Olivia Harms was born Western Music royalty, but the rhinestone cowgirl stepped out on her own to
craft a sound that is equal parts Bakersfield, Texas, and Nashville country.
The daughter of Western Music Hall of Fame member Joni Harms, Olivia grew up on a 150-year-old farm
in Canby, Ore., and made her first appearance on stage when she was two days old. Her mother had labor induced so she wouldn’t miss her show. Twenty-six years later, Olivia is following in her creative
Olivia’s second album “Rhinestone Cowgirl” is available now. Produced by D. Scott Miller, the 11-song collection calls out to the cowboys, name-drops George Strait, swings through Buckaroo territory and packs plenty of twang and steel guitar. Olivia co-wrote every song. “I was going for a very traditional country vibe, but with some Bakersfield and of some country-western
swing to bring back honky-tonks.” Olivia explained. “I think it boiled down to very traditional ‘90s-style
Her artistic identity has been honed since she was an infant. The singer grew up performing on stages with her mother. Olivia remembers yodeling in Europe and singing “I Want to Be a Cowboy’s Sweetheart” in New Zealand.” When she was 6 years old, Santa Claus delivered her first guitar and sparked her love of songwriting. Ten years later, Olivia came to Nashville to record her first album. She was 16 years old, Taylor Swift was queen and Olivia was brimming with adoration for contemporary country music. It didn’t take her long to remember her roots and creatively steer back to the tenets of her authentic Western sound.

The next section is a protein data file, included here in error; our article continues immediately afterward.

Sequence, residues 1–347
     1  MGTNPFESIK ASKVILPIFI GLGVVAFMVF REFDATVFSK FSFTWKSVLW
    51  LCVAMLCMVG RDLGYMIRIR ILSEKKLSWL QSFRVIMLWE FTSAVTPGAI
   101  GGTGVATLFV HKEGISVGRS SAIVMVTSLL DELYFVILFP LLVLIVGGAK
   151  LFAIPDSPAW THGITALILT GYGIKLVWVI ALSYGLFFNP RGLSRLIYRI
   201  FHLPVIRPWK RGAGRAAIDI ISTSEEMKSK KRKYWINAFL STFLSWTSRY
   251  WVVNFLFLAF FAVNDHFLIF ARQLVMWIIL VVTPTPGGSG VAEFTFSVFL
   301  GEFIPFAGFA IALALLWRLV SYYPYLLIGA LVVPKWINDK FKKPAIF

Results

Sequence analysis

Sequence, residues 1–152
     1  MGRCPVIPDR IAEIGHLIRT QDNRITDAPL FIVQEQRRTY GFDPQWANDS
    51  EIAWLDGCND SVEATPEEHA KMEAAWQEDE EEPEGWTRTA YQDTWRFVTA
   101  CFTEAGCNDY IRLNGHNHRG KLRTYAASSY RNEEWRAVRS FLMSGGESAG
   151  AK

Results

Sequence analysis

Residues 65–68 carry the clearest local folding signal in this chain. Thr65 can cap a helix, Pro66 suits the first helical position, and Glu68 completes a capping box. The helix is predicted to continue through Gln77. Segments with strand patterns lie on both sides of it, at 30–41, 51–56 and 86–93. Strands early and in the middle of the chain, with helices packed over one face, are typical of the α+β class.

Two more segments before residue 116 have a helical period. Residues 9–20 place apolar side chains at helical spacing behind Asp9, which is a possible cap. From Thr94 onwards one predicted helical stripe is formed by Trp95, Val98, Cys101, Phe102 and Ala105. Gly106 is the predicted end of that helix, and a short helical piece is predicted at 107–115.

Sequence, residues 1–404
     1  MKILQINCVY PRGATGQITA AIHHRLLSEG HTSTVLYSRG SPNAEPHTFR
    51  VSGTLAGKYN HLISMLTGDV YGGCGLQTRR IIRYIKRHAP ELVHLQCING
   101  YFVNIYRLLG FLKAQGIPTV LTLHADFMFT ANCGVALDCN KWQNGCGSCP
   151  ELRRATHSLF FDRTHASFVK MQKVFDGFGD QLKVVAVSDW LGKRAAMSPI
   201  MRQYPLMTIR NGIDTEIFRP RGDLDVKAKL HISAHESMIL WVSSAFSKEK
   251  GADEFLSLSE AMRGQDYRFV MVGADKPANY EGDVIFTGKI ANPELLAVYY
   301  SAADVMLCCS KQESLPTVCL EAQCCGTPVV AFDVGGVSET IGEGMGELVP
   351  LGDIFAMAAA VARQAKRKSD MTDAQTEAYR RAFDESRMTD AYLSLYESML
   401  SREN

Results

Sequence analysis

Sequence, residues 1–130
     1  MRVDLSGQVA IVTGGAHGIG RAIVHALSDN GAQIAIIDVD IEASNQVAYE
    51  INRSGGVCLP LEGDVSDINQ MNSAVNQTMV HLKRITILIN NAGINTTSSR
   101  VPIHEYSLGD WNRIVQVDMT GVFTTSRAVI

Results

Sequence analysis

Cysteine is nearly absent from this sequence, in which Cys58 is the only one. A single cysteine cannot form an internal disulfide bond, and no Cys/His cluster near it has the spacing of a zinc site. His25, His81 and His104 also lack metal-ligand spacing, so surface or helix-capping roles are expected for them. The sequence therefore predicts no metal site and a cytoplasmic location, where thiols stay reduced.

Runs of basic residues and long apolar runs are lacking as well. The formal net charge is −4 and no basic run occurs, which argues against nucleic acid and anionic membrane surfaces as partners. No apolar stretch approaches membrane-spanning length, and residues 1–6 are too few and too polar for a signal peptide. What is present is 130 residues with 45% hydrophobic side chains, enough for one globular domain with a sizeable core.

In the meantime, she structured her backup plan. Since Olivia grew up on a century farm, agriculture is her second passion. She graduated college with a degree in agriculture business management. Then she dove headfirst into the music business. Olivia books shows, handles public relations, and manages social
media accounts in addition to writing, recording and playing more than 120 shows a year. “I try to be a one-woman production,” she said.
In 2019, Olivia was ready to head back to Music City to record her second album. She wrote songs with noted country writers including Wood Newton (The Oak Ridge Boys “Bobbie Sue,” Kenny Rogers “20 Years Ago”) and Dennis Morgan (Barbara Mandrell “I Was Country When Country Wasn’t Cool,” Ronnie
Milsap “Smoky Mountain Rain.”) After interviewing producers, she knew D. Scott Miller understood her vision. The pandemic forced her to reschedule recording twice, but as restrictions lifted, Olivia and her mother came to Nashville and she made the album. From her autobiographical “Gypsy” to the lighthearted “Hey There Cowboy” and the deeply personal “Goodbye,” “Rhinestone Cowgirl” is Olivia Harms.
“The best thing for me to be doing is playing music about what I love and what I know and who I am,” Olivia said. “That way, hopefully, my listeners can connect to it even more.” These days, Olivia splits her time between Nashville and Oregon. Regardless of where she hangs her hat, she’s well in touch with her Western roots.